Radiological findings include platyspondyly (vertebral bodies that have a small vertical diameter), with the narrowest area in the middle of the body in both anteroposterior and lateral projections31. The intervertebral spaces are large, and the posterior vertebral elements are well ossified. Interpedicular distance is narrowed in the mid- or lower lumber spine, and the ilia have a short vertical dimension. The transverse diameter is greater than the vertical. The inferior margin of the ilia is horizontal and the sacrosciatic notches small. The pubic and ischial bones are broad and short, while the thorax is narrow in both anteroposterior and transverse diameters, with short ribs, the ends of which are cupped. The long bones are very short, relatively broad, and bowed with irregular flaring of the metaphyses. Hand and foot bones are very short and broad. Laboratory findings are normal15.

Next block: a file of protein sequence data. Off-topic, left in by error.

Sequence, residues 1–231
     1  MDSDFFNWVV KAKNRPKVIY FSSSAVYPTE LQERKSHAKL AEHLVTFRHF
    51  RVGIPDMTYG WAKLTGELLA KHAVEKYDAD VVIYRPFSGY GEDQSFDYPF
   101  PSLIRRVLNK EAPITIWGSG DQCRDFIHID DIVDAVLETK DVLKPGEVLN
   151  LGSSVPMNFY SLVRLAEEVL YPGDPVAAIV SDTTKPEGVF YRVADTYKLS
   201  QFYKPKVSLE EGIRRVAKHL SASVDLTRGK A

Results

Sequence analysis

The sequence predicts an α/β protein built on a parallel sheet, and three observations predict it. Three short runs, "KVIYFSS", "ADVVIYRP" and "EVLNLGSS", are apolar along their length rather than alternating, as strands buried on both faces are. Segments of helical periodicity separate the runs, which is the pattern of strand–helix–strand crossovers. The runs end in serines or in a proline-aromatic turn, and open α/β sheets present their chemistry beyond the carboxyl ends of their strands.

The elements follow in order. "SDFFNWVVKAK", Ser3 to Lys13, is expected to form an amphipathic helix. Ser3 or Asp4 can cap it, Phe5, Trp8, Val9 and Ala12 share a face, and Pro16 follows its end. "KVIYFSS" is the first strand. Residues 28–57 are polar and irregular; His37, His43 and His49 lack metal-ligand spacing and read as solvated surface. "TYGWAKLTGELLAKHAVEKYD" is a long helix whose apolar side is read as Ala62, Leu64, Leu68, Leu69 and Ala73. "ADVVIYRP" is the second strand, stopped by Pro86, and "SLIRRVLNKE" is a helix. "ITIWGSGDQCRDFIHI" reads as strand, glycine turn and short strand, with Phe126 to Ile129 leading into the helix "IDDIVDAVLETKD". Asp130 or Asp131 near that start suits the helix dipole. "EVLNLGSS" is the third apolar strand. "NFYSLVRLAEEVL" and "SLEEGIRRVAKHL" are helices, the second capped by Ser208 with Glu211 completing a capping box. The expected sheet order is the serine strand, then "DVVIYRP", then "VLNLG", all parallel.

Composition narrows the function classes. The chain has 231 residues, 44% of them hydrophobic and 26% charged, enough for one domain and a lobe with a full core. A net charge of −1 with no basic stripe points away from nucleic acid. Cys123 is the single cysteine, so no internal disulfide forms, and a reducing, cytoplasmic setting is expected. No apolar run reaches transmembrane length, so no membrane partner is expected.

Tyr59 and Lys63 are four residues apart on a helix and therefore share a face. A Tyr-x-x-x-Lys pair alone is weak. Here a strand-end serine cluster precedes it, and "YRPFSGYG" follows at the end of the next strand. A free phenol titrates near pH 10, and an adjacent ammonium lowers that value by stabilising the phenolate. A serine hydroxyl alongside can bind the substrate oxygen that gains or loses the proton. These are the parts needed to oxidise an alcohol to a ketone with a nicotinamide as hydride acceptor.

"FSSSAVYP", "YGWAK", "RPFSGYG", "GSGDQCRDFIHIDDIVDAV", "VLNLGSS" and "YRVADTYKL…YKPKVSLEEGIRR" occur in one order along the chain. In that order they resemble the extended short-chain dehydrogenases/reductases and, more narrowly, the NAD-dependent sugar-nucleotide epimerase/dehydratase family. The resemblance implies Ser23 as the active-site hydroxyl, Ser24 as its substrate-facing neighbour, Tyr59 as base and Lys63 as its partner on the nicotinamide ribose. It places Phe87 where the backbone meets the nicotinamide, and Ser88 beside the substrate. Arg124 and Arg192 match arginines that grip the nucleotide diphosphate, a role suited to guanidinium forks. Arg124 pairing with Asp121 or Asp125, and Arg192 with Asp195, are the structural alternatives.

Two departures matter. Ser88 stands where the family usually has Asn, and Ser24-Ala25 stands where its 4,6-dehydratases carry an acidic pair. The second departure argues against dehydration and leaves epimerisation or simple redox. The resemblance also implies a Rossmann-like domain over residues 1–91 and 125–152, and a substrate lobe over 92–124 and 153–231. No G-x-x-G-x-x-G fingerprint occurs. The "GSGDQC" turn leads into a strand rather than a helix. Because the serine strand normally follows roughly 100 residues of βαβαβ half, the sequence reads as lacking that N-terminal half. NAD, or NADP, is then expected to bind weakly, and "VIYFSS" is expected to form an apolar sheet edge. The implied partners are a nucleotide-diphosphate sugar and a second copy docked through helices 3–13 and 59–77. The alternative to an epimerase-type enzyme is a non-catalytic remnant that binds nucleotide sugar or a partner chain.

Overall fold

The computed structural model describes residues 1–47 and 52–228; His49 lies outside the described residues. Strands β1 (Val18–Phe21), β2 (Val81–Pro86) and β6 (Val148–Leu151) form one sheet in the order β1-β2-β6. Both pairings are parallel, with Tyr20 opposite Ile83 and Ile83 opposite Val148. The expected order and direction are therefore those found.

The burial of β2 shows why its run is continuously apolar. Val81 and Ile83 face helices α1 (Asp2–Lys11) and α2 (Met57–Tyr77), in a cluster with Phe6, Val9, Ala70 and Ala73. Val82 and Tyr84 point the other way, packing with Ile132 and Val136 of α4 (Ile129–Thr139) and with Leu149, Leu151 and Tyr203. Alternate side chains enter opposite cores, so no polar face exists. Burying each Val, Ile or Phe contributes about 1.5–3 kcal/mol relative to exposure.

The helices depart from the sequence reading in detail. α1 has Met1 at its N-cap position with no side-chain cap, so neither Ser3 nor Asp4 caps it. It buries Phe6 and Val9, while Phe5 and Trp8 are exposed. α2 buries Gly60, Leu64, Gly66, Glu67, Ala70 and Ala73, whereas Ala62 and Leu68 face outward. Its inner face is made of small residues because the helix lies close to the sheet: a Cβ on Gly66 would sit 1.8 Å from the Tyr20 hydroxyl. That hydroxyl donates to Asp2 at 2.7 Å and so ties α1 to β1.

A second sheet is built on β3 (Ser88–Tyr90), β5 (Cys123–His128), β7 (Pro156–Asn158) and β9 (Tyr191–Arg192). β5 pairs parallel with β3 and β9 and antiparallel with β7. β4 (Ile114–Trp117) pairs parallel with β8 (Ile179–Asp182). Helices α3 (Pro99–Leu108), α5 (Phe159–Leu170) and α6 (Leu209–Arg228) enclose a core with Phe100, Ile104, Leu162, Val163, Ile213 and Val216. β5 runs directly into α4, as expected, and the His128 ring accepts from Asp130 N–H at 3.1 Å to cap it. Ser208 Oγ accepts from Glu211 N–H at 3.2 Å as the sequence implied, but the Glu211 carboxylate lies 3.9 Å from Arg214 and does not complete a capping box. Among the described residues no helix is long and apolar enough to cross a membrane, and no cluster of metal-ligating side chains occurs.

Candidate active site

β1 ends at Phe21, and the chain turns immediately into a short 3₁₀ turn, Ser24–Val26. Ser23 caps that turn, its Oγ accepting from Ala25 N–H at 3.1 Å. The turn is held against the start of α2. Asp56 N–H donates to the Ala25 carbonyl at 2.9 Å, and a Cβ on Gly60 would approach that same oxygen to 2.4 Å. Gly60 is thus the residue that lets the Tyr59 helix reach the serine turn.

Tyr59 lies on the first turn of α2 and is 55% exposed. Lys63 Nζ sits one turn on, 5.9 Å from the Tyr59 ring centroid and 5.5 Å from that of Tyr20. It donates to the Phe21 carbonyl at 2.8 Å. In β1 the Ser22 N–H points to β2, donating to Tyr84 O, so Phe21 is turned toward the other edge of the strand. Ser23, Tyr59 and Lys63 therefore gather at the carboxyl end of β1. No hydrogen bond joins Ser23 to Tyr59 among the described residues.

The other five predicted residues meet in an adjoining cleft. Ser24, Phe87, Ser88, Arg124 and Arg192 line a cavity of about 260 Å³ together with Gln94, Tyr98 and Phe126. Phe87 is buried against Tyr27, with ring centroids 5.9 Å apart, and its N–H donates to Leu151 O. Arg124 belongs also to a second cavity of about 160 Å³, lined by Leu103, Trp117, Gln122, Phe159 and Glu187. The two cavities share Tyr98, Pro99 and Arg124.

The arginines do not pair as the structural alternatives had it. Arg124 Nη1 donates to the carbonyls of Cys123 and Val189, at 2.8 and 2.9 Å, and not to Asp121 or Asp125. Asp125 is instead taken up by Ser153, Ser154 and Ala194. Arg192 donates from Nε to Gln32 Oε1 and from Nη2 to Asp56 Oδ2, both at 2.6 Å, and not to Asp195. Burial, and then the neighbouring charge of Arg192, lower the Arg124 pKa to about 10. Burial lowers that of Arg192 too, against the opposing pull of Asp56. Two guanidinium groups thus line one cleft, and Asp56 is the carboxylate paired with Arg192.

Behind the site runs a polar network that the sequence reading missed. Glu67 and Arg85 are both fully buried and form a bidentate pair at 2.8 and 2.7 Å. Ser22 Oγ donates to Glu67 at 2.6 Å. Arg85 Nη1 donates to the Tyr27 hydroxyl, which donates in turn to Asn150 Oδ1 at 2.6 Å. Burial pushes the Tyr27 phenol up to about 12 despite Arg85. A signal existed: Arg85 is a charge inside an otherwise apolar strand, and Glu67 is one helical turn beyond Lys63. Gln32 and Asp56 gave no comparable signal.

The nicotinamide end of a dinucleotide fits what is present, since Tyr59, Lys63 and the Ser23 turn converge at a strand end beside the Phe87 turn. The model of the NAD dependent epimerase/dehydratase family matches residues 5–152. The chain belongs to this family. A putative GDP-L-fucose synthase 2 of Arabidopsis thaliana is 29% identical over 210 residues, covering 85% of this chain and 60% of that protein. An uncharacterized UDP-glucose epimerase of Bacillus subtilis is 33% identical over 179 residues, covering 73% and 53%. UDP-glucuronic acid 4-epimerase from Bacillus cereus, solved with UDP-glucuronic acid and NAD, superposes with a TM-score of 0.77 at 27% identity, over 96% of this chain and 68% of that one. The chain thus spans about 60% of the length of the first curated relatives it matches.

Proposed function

This disease is uniformly fatal shortly after birth9,15. The cause of death is cardiorespiratory failure due to hypoplastic lungs.

Management and treatment

Hydrocephalus, which is often present, may predispose to malpresentation and difficult delivery. In particular, the extended short and rigid neck may impede the passage of the subsequently delivered head through the pelvis during vaginal breech delivery. Cephalocentesis and assisted breech delivery have been performed. Elective cesarean section may be preferred to prevent possible maternal trauma when attempting to deliver the hydrocephalic head. Early prenatal diagnosis, as in this case, may allow elective termination. This can avoid an unfruitful cesarean section or difficult manipulation in vaginal delivery should hydrocephalus give rise to malpresentation in late pregnancy3.


1. Fink IJ, Filly RA, Callen PW, et al. Sonographic diagnosis of thanatophoric dwarfism in utero. J Ultrasound Med 1982;1:337-339.

2. Meizner I, Levy A, Carmi R, et al. Early prenatal ultrasonic diagnosis of thanatophoric dwarfism. Isr J Med Sci 1990;26: 287-289.